“Everyone Loves a Love Story”: Lovers & Madmen’s “Cardenio” Opens Tonight

cardenio-profile-picLovers & Madmen performs classic and classically inspired shows throughout the year, and although their name comes from a “Midsummer Night’s Dream” quote, it proves apt to describe “Cardenio,” their fall show premiering tonight.

“Cardenio” centers around a wedding party, but its background is more “madmen” than “lovers.” It has a Shakespearean comedy structure with all modern language – except for a play within the play that is in traditional verse. The main plot is based on a story within “Don Quixote,” while the mini-play is based on the play “Double Falsehood,” which was probably based on a lost Shakespeare play named “Cardenio.”

Essentially, the parents of the groom find this lost Shakespeare play and demand it be performed at the wedding.

Confusing, no? It took a visit to Shanley Pavilion to understand it all. On the night before opening, the crew and eleven-person cast were preparing for a full run-through, and the small theater was buzzing. The faint smell of paint and the sound of actors running lines wafted over people adjusting chairs, ladders, lights and costumes.

As he described the show’s intricate lineage, director Adam Orme was also weighing in on program design and commenting on an actor’s doublet. His blue shirt was stained with sweat, but his eyes were bright and enthusiastic.

Why should Northwestern students see this strange play?

“Everyone loves a love story,” Orme said.

Along with explorations of gender stereotypes and why classic plays are still performed, there’s a ton of fun. It’s a rom-com with an old soul, in which “everyone can see something of themselves onstage,” he said.

Orme is a junior majoring in theater, and this is his first directing gig for L&M as well as StuCo.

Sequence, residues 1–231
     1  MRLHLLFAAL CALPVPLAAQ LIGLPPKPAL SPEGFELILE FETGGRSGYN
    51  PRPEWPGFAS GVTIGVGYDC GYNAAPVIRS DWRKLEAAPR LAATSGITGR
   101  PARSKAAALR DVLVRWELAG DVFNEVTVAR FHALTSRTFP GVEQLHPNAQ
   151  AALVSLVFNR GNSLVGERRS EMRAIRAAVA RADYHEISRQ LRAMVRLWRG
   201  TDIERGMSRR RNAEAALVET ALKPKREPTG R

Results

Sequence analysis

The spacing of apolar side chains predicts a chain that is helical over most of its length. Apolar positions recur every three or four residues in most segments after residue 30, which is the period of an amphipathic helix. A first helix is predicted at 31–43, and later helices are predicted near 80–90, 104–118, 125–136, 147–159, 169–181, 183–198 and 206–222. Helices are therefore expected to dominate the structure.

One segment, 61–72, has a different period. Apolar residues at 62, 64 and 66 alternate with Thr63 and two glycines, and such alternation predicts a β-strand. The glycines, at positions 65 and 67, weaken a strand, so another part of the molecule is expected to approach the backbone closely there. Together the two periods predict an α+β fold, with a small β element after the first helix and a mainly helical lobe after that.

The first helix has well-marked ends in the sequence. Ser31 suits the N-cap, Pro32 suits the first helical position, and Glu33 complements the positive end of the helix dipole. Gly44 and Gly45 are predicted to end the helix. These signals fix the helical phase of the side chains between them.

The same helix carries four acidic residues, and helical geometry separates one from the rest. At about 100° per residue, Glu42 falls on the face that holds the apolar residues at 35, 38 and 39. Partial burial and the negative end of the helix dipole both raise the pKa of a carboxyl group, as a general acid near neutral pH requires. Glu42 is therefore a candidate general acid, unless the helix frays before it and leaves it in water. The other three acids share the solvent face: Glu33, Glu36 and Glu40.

“I just tell people where to stand and [to] be louder and drunker this time,” he joked.

He praised his cast as “really wonderful and fun and [taking] a lot of risks” in their performance.

Perhaps the most difficult part of rehearsals, in his opinion, was waiting for them to start, which they did on September 8th. All roles were race- and gender-unspecific in auditions. Orme stressed the need for even further work in diversity for L&M and StuCo.

This open-minded casting resulted in sophomore Jordan Moore rocking a wig and dress as Luisa, the bride’s mother. After the cast gathered, it took slightly less than a month to build the comedic world of “Cardenio.”

The jokes stopped being as funny after hearing them endlessly in rehearsal, but in a run last week, Orme regained appreciation for the comedy and the fundamental quality of the play.

Claire Glubiak agreed. The junior, who studies theater, plays Camilla, the bride, and she was in costume as she spoke: a plain white knee-length dress with a burgundy sash, rather than the long gown one might expect. Her favorite part about “Cardenio” rehearsals was the people.

The show is about a party, and “rehearsals are a giant celebration,” Glubiak said.

Along with the camaraderie, Glubiak enjoyed returning to acting, after a long stretch of playwriting and producing. Her plays deal with love and how people love one another, themes relevant to “Cardenio.” She is currently writing a play called “Machismo,” which will be performed at Shanley in February.

Her onstage groom, Anselmo, is played by sophomore Josh Krivan. Although in the play Camilla realizes she is actually in love with the best man, Glubiak and Krivan seem to be good friends as they explained why “Cardenio” echoes Northwestern students’ lives.

Krivan described his character as “frenetic” and compared Anselmo’s mind to his own characteristically Northwestern hyper-busy lifestyle.

“I got three hours of sleep last night,” he reported, listing an exhausting number of causes.

Laughing, Glubiak presented a rosier picture. To her, the show “celebrates friendship and love and food and champagne,” which is what college should be.

Come find out for yourself: “Cardenio” runs from October 6-8 in Shanley Pavilion.

Shows are Thursday at 7:30 p.m., Friday at 7:30 and 11, and Saturday at 2 and 7:30.

The cost is $5 for students and $10 for general public, but Thursday night and Saturday afternoon are pay-what-you-can (come free or donate what you’d like).

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